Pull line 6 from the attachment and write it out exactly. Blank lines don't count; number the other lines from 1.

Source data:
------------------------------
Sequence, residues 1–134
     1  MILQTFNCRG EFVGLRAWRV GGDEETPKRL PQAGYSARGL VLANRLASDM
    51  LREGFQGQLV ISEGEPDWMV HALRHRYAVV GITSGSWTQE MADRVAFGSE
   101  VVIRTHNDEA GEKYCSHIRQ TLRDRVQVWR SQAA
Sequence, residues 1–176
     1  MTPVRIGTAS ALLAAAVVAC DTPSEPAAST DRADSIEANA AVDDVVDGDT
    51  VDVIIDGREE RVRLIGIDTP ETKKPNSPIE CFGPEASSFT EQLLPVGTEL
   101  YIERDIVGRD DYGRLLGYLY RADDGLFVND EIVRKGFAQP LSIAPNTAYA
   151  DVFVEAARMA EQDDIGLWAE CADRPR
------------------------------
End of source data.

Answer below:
     1  MTPVRIGTAS ALLAAAVVAC DTPSEPAAST DRADSIEANA AVDDVVDGDT